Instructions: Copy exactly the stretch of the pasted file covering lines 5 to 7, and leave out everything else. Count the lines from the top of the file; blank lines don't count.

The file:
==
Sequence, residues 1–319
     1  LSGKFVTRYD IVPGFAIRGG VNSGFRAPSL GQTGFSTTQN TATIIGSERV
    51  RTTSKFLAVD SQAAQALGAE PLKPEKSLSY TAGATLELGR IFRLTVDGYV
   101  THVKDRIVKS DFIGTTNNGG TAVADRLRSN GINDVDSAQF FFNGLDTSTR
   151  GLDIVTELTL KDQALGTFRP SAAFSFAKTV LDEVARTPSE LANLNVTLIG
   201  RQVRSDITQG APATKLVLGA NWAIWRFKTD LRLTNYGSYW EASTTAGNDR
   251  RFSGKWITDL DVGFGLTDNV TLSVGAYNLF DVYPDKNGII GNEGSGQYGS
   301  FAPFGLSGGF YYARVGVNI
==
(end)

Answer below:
   151  GLDIVTELTL KDQALGTFRP SAAFSFAKTV LDEVARTPSE LANLNVTLIG
   201  RQVRSDITQG APATKLVLGA NWAIWRFKTD LRLTNYGSYW EASTTAGNDR
   251  RFSGKWITDL DVGFGLTDNV TLSVGAYNLF DVYPDKNGII GNEGSGQYGS